Red tape is alienating academics from their own research and work
When South African academics want to set up a new degree module, they’re entering into a process that can take years to germinate. These modules must be approved through an incredibly cumbersome process – departmental, school, faculty, various university quality control committees, an institution’s senate, the South African Qualification Authority. Only then can they be registered by the National Qualification Framework.
This is just one example of the bureaucratic chores that now occupy academics’ days.
It’s a reality that prompted me to edit a new book called Making Sense of Research (Van Schaik, Pretoria, 2018). It’s written by supervisors, deans, research coordinators and lecturers who offer suggestions about how students and academics can negotiate the reams of red tape that typify modern universities.
Bureaucracy is necessary to manage large institutions. But it can also be alienating. It alienates the researcher from their field or discipline. It alienates those who are researched from those who conduct the research. And ultimately, it alienates both researchers and the researched from the academy.
Take the example of student protests held under the banner of “fees must fall” between 2015 and 2017. Events unfolded on an hourly basis at breakneck speed. These deserved careful study and scrutiny by trained academics who knew what questions to ask and what information could be gleaned. But procedural knots meant it was impossible to secure ethical clearance, for instance, and this hampered knowledge production.
That in turn hampered the benefits for the public, who could have learned from research conducted on the ground during these important protests. And then researchers are dismissed as being distanced from the real world – irrelevant and out of touch with breaking events. The problem, of course, is that real world events don’t conform with research committee schedules.
Dodging red tape
This trend towards bureaucratised research and teaching, particularly in the humanities, has come about because outputs must be measured, managed, and made to justify bottom lines to qualify for state subsidies. Everything from students – too many – to resources – too few – must be managed, administered and audited.
Bureaucracy, as anyone who has encountered it knows, makes it increasingly difficult to get any work done. For academics this means that field work is placed on the back burner. Just registering a topic for field work can take many months and involve multiple committees and numerous university divisions. These time-consuming and increasingly cumbersome procedures – though often necessary – delay the start of work, students’ progress through a degree and publications linked to the planned field work.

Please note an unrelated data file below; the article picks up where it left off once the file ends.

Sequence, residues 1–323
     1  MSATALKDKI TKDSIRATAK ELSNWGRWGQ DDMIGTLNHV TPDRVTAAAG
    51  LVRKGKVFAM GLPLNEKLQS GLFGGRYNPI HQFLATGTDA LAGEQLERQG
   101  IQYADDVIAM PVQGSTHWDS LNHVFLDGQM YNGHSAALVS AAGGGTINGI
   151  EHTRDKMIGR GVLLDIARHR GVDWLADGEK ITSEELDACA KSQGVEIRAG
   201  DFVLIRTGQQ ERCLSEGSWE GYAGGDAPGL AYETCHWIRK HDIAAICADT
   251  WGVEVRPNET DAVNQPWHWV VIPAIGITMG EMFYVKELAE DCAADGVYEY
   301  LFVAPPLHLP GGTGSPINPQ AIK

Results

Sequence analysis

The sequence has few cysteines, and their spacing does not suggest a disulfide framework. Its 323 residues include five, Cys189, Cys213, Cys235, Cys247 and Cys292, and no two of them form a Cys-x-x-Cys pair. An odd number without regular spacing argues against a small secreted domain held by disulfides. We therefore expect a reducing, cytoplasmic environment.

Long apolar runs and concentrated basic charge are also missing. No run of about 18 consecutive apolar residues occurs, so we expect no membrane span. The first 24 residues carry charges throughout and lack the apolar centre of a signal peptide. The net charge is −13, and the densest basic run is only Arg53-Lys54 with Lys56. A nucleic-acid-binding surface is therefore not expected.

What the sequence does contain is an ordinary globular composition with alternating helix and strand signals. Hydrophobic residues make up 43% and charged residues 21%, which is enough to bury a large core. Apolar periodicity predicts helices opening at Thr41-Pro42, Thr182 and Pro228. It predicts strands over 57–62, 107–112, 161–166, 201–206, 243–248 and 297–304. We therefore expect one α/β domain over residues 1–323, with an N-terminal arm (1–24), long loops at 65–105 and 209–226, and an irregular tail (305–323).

This process alienates academics from the “meat” of their work, the active research that produces nuanced results. Many students and their supervisors are responding defensively. They simply conduct desk-top research that relies on texts already published by other scholars.
This is the quickest, cheapest route. It helps both academics and the students they supervise to circumvent red tape. But it’s a route that excludes subject communities or research participants who used to be the focus of interactive academic work. These groups are left in the background and reduced to mere texts in contemporary research projects.
So the instrumentalisation of research practices alienates those who have traditionally cooperated with researchers and who expect tangible benefits from such partnerships.
The third alienation is of researchers and the researched from the academy. What works for the university as an institution does not necessarily work for the lecturers or students. Students do research because this is a curriculum requirement. But they must also become aware of why they are doing research, who it will benefit (or disadvantage) and what the implications might be
There is a fourth alienation, too, exemplified by the many hoops academics must jump through to register and begin teaching a new module or the requirements for designing field work. Knowledge has a rapidly decreasing half-life. It is being revised continuously. Too much bureaucracy alienates academics and students from breaking developments that impact their own disciplines.
Over-regulation means academics are often teaching approved but outdated knowledge rather than updating it daily.
The good news is that this alienation can be turned around. In Making Sense of Research, contributors offer advice for making sense of academic rituals. It’s not a dry book about “how to” research as much as it is about “why” do research and how to negotiate the institutional swamps in conducting it.
Ordinary academics can kick back against the system in a useful way, despite the cautioning effects of managerialism. There are creative ways to deal with bureaucracy; the best is to take students off campus and into the fields of the real world.
Books and articles about the real world must be complemented with direct exposure to those worlds. Bureaucrats must recognise that experiential learning is the best kind. Sitting in classrooms and being referred solely to books that other people wrote is only half the story. The full story involves getting one’s hands dirty in the field, too. That may be costly; it may transgress timetable schedules and stress capacity – but it must be done to tackle the growing problem of academic alienation from life.